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The Bridge Between Simon & Garfunkel and Beyoncé

The Opus continues its walk over the Bridge by exploring the power of the visual album

The Opus - Simon and Garfunkel
The Opus – Simon and Garfunkel
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    The Opus is halfway across the Bridge.

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    What do Alex Jones, Beyoncé’s Lemonade, and Simon and Garfunkel have in common? More than you think! In 1969, the two bards were asked to make a TV special to debut 1970’s Bridge over Troubled Water. Rather than opting for the traditional approach — think: Elvis Presley’s 1968 comeback special — they created a visual album. Ring a bell?

    Songs of America, directed by Charles Grodin (yes, that Charles Grodin), was an experimental, non-linear, collage of live footage, behind-the-scenes shots, and proto-music videos set to news footage from the turbulent ’60s. The result cost them their lead sponsor, pissed off a million Americans, and even lead to death threats if you can believe that.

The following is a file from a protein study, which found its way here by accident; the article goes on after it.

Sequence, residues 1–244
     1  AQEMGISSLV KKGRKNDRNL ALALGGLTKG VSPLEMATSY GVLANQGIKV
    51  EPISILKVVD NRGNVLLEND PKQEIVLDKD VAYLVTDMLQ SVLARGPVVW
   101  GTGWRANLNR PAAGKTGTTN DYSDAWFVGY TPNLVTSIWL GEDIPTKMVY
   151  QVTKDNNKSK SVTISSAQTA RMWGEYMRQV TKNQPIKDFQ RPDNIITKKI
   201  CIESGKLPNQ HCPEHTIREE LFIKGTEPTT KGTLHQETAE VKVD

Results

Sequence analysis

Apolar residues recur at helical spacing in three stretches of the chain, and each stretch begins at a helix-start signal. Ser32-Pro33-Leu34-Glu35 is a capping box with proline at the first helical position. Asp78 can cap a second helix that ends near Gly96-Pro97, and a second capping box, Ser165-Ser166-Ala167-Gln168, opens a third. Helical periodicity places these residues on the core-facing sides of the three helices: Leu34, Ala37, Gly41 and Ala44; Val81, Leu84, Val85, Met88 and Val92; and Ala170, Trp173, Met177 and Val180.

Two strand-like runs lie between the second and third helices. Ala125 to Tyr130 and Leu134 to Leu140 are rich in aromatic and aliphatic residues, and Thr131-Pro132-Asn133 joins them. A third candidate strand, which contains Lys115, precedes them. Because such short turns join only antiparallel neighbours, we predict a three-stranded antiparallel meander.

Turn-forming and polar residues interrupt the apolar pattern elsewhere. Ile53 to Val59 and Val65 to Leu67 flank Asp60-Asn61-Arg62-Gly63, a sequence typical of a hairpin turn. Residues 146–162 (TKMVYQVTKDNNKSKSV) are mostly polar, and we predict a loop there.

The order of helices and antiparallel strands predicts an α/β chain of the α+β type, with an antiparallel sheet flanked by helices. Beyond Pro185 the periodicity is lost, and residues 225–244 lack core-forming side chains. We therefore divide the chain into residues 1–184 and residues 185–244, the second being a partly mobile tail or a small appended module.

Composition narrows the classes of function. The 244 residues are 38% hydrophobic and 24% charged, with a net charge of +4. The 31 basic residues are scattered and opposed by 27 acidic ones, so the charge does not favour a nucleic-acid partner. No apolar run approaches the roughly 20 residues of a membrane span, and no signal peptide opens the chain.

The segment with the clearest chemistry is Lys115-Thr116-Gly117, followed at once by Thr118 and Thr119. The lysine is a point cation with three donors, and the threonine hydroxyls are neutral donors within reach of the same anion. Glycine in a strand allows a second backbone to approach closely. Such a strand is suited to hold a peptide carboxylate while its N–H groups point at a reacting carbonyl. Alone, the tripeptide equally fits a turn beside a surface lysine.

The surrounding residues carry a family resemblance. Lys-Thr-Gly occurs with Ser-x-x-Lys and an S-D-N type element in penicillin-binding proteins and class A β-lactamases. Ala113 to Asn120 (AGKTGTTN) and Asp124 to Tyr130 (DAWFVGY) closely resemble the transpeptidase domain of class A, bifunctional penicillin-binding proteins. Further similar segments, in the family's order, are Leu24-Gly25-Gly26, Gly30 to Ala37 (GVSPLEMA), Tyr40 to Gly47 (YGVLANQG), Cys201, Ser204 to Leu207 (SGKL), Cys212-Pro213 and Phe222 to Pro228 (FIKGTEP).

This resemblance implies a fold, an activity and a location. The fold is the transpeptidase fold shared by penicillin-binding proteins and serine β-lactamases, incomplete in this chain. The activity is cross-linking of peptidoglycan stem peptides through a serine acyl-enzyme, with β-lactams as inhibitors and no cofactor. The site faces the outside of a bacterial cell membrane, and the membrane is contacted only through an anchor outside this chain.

Host Andy Bothwell speaks to culture reporter Steve Marsh (GQ/Esquire/Pitchfork) on what caused this film to illicit such a strong reaction from America. He also connects with Bon Iver’s design team and video directors Eric Carlson and Aaron Anderson, who weigh in on the through-lines between their work and this 50-year-old TV special.

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    Listen above and subscribe to The Opus to hear further episodes from this season.

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    In celebration of the album’s 50th anniversary, stream a selection of Simon & Garfunkel’s best tracks via all major streaming services. You can also enter to win a vinyl bundle featuring the duo’s entire collaborative discography.

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